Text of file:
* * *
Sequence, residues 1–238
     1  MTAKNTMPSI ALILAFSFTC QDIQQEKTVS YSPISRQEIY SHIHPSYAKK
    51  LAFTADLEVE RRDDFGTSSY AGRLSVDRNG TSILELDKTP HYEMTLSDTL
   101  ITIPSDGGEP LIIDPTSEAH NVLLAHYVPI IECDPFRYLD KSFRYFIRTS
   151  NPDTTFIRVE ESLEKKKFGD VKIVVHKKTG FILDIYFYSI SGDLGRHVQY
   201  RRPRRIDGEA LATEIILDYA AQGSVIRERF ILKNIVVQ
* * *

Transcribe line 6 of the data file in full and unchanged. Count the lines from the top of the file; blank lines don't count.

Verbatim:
   201  RRPRRIDGEA LATEIILDYA AQGSVIRERF ILKNIVVQ